Various federal constitutional issues have arisen as the legal feud hascontinued, but those are confined to the federal case now on its way toAtlanta, where the appeals court could take its first action on the casetoday.
The frenzy of yesterday's legal and political wrangling was most evident inPalm Beach County, where the Canvassing Board arrived at 7 a.m. to oversee themanual count of more than 460,000 votes. But it was stopped before it started.
A letter from L. Clayton Roberts, Harris' election director and aRepublican, warned that a manual recount was illegal. The board also had anopinion from the state's top lawyer, Attorney General Robert Butterworth, aDemocrat who led Gore's Florida campaign. The opinion disputed Roberts' claim.
The board, which convened on a makeshift stage in a parking lot, decided toask the Florida Supreme Court for direction.
The next turn of events came at 3:05 p.m., when Palm Beach County CircuitJudge Jorge Labarga gave the board the go-ahead to begin the hand count. Healso lifted an injunction that had kept the board from certifying its electionresults.
Labarga's ruling was hard to come by. Five other judges refused to hear thecase, including one who had been overheard making disparaging remarks aboutDemocrats.
A judge having ruled, the Palm Beach elections board decided to proceed. "Idon't think it would be wise to sit ... and wait for direction from thatcourt," said Judge Charles Burton, the board's chairman, referring to thestate's highest court. "If we start and the Supreme Court tells us to stop,that's what we'll have to do."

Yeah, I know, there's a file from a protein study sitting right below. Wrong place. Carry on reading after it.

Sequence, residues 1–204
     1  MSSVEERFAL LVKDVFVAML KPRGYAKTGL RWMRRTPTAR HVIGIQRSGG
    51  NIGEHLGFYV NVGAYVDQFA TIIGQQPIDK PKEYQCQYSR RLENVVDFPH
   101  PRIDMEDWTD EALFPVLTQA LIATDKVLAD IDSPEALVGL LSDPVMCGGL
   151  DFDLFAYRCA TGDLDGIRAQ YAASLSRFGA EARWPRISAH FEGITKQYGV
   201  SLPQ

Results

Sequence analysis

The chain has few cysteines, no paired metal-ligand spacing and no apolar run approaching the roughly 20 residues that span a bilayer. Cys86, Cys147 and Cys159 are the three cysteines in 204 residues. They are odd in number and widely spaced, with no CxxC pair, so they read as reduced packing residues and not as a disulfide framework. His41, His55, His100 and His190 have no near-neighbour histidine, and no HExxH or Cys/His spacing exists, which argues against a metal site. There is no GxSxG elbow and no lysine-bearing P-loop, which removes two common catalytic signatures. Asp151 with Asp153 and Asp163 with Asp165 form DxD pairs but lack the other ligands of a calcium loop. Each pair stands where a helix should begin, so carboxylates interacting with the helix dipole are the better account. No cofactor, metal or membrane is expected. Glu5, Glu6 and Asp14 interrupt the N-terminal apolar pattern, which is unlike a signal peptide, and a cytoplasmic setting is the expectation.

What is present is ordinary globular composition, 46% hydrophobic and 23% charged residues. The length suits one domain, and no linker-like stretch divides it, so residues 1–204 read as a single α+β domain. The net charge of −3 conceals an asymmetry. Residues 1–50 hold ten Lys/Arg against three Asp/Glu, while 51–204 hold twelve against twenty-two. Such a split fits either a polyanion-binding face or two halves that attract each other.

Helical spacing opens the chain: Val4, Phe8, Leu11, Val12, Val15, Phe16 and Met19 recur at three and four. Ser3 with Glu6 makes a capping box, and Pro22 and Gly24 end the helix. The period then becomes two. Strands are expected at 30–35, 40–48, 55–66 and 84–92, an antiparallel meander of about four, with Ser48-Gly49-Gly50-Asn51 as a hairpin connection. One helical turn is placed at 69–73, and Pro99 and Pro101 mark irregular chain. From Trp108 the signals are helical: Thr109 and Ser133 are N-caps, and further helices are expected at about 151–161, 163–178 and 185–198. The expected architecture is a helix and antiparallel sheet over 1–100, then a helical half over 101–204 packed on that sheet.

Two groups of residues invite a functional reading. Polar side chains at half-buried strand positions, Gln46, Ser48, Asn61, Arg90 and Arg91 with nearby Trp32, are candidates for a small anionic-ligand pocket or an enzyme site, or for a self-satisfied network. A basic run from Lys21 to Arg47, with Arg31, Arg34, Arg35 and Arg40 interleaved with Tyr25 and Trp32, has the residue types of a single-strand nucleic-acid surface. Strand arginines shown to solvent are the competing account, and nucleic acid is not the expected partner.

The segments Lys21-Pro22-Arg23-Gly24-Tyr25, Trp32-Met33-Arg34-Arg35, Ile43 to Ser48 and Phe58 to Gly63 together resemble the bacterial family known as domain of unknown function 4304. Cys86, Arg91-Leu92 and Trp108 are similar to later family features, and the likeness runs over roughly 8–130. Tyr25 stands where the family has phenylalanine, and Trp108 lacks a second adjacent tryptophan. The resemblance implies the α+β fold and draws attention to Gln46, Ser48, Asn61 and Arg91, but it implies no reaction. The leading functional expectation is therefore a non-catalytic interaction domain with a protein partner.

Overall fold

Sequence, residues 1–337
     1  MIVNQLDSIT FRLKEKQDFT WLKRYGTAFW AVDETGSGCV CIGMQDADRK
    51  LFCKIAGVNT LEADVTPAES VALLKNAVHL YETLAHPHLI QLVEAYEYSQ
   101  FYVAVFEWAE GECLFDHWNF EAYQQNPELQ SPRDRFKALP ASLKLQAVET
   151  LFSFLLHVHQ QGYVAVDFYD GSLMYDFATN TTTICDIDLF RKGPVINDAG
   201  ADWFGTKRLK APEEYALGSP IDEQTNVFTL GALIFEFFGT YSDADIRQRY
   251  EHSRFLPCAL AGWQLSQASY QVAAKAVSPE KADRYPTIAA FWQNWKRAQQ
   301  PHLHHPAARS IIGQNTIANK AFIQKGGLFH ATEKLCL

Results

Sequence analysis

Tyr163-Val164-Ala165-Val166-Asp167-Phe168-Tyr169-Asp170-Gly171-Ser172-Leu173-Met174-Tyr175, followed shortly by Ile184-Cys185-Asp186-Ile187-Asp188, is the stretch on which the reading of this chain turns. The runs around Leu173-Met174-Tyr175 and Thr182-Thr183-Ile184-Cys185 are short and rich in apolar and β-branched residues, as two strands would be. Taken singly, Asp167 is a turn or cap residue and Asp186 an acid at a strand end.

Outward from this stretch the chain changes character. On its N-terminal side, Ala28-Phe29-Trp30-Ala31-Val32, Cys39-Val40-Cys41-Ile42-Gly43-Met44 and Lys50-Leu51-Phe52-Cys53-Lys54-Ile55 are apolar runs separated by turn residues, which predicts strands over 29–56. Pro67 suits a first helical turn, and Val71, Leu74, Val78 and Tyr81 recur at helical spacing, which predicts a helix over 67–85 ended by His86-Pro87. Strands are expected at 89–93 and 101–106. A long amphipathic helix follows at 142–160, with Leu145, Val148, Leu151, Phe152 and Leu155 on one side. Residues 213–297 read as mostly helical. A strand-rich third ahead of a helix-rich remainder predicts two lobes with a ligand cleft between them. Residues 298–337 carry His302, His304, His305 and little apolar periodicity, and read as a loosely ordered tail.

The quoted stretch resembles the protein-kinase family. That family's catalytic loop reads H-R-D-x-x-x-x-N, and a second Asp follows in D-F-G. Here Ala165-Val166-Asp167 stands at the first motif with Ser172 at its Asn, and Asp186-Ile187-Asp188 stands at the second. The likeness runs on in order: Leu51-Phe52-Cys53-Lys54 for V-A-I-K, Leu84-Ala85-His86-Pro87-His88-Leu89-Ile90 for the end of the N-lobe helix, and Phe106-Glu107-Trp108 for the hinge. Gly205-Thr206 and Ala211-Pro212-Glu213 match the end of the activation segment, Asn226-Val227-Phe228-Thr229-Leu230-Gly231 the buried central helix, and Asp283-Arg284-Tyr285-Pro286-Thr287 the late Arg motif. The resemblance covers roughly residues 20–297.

Board attorney Denise Dytrych cautioned members to wait and not to unlockthe ballot boxes for what would be their fourth vote count.
"What happens [if we don't wait]?" asked Commissioner Carol Roberts. "Do wego to jail, because I'm willing to go to jail."
Cheers erupted from a crowd of sign-waving people who had gathered in theparking lot to watch the events unfold. But Burton scolded, "This is not apolitical rally."
Forty minutes before the 5 p.m. state deadline, the county certified itselection results, which were overwhelmingly for Gore. The board is set tobegin the tedious hand recount at 7 a.m. today. The recount, which officialssaid could take a week to complete, is being conducted at the county'sEmergency Operations Center, a hurricane shelter built to withstand 150 mphwinds. But it's never taken a direct hit like this.
Lyle Denniston of The Sun's Washington Bureau contributed to this article.Copyright © 2015, The Baltimore Sun